Neighbors: Flawed traffic study kept ‘unsafe’ Georgetown road open

Georgetown City Council will vote again on whether to close the intersection at West Majestic Oak Lane and Apache Mountain Lane. (KXAN Photo/Lauren Kravets)

GEORGETOWN, Texas (KXAN) — On Apache Mountain Lane in Georgetown, Jean Ann Rieder worries about her family’s safety.

“We’re afraid to go out to the mailbox and step into the street to open the mailbox,” explains Rieder. “We can’t let our grandchildren play out here, we can’t even let them be on the driveways because of all the traffic.”

The intersection of West Majestic Oak Lane and Apache Mountain Lane is the culprit — it’s a shortcut in and out of Sun City, Georgetown’s retirement community.

The city temporarily closed the intersection starting in 2015 for a few months. They then did a traffic study, but the number of cars passing through didn’t meet the criteria to permanently shut down the intersection. There had to be more than 1,000 cars per day for the change, but the study showed fewer.

Just before the traffic study started, Sun City resident Marshall Friedman sent an email to his neighbors and two city council members, in part writing, “we should try to temporarily avoid and restrict using Majestic Oak in order to minimize the traffic volume attributed to Sun City residents.” Friedman tells KXAN he was not trying to skew the numbers of the traffic study.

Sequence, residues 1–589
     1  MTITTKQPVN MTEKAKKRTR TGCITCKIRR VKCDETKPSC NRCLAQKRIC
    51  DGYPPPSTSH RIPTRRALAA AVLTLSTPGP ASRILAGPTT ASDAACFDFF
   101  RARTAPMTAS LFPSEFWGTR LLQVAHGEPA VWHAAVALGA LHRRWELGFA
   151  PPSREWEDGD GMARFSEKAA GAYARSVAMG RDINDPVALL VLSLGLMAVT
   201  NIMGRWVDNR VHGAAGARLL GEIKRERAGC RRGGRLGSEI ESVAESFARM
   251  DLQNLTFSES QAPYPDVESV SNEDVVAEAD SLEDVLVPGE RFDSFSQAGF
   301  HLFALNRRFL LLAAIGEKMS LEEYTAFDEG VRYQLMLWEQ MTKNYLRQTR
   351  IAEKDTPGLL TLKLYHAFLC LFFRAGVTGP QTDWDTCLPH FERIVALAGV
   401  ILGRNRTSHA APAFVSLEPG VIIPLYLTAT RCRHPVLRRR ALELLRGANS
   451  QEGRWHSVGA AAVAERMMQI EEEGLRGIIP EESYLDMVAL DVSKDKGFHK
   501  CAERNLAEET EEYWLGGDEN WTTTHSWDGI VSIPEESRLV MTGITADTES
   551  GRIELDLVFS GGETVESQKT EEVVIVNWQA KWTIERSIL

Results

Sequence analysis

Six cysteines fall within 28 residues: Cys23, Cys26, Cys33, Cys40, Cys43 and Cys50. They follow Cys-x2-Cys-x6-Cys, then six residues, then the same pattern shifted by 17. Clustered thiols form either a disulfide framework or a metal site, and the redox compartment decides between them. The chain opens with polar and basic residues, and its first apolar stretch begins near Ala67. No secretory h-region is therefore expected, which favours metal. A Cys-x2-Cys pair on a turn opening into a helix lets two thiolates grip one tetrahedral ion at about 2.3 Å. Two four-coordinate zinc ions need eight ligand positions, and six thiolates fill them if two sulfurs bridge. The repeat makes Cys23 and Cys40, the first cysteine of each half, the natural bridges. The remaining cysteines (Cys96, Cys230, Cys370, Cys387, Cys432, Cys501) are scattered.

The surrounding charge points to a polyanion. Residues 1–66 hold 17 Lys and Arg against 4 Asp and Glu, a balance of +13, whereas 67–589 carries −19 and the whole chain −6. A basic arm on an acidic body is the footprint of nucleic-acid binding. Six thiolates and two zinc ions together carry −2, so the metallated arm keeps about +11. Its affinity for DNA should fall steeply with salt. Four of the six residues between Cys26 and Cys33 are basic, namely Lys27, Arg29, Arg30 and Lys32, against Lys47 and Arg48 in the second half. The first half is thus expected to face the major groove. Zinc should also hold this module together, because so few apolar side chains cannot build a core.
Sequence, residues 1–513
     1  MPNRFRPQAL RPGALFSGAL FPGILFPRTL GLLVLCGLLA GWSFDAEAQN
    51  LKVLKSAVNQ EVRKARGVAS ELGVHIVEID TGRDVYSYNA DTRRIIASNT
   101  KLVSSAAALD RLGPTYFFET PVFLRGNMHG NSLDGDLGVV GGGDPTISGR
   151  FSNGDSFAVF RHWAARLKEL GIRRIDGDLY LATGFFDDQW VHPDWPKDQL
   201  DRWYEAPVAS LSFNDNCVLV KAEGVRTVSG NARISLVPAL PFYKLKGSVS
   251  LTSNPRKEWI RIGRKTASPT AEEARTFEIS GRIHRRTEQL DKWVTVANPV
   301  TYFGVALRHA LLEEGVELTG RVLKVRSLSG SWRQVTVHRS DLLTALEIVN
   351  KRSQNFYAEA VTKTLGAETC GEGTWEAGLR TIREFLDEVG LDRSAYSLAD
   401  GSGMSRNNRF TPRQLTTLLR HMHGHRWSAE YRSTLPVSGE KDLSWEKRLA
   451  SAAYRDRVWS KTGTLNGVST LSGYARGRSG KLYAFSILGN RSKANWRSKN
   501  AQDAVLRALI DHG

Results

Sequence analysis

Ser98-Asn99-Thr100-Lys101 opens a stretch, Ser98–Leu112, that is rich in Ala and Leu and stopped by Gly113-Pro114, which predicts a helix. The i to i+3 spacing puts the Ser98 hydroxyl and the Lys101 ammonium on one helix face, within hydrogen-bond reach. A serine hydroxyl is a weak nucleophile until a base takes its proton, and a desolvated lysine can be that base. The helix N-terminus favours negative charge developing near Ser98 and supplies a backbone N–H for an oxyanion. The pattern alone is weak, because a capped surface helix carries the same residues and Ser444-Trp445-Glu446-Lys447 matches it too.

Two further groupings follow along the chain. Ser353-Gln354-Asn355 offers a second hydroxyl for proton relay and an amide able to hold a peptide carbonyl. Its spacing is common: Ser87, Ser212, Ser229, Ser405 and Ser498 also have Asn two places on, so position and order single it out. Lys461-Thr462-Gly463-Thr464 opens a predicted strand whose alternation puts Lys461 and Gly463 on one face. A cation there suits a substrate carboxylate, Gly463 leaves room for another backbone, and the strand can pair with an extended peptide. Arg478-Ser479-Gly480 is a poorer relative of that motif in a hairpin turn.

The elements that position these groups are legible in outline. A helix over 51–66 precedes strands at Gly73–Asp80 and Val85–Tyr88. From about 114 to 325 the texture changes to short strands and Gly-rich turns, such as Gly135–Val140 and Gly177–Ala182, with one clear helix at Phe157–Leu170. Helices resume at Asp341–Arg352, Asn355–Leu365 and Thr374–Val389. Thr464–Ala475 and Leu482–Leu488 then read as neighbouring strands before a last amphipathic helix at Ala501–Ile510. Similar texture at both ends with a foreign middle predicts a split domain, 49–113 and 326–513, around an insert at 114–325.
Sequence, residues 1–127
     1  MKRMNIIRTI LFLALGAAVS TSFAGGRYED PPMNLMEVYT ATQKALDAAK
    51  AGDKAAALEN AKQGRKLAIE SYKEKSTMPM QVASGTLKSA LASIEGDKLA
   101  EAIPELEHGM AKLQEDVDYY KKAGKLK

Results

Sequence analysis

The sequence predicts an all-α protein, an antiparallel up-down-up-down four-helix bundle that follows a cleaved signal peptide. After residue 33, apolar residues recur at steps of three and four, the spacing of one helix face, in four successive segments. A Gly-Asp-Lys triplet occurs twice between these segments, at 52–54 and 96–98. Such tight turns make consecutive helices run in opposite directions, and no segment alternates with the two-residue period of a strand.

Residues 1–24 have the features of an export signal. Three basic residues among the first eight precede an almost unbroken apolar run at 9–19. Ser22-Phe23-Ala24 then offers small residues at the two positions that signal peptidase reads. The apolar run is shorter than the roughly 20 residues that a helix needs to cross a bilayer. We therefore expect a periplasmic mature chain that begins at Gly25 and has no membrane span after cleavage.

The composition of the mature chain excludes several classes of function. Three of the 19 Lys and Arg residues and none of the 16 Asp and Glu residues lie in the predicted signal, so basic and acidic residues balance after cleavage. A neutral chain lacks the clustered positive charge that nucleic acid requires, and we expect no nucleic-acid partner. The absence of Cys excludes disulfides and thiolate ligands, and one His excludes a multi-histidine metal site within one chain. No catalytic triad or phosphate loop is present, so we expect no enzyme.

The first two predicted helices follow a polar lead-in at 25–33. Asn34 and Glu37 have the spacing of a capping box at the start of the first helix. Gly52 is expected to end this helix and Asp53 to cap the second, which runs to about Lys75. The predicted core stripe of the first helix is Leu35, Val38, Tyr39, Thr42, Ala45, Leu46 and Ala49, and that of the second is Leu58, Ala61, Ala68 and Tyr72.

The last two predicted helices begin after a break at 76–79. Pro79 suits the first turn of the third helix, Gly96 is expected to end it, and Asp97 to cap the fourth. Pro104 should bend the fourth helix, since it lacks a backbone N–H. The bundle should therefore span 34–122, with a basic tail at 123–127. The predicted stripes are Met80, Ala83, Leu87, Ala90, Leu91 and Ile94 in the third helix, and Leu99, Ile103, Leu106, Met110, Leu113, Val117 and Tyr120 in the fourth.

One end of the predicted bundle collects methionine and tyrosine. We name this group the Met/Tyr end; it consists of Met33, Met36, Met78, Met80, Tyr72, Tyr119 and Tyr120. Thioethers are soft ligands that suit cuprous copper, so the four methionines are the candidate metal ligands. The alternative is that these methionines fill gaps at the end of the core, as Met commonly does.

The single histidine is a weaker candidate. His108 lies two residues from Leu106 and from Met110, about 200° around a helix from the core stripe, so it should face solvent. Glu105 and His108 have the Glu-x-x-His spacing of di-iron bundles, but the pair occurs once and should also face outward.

“The intent of the city was to have people use alternate routes, I supported that, I tried to encourage that with my emails,” explains Friedman.

Still, Friedman says without using West Majestic Oak Lane as a shortcut, he has to drive 5 miles to get to the main Sun City entrance. “We all contribute to the road, that is our road collectively and it is intended to be shared,” said Friedman.

Because of the discrepancy, City Council Member Rachael Jonrowe put the item back on the city council’s agenda for Tuesday night. She is recommending the city close the intersection because she says it’s not safe. She also points out that after the city re-opened the intersection to traffic in 2016, crews were supposed to wait 60 to 90 days to do a traffic study. Jonrowe says the city did three of the traffic counts immediately after the road opened, which didn’t give cars time to return to their normal traffic patterns. provides commenting to allow for constructive discussion on the stories we cover. In order to comment here, you acknowledge you have read and agreed to our Terms of Service. Users who violate these terms, including use of vulgar language or racial slurs, will be banned. If you see an inappropriate comment, please flag it for our moderators to review.

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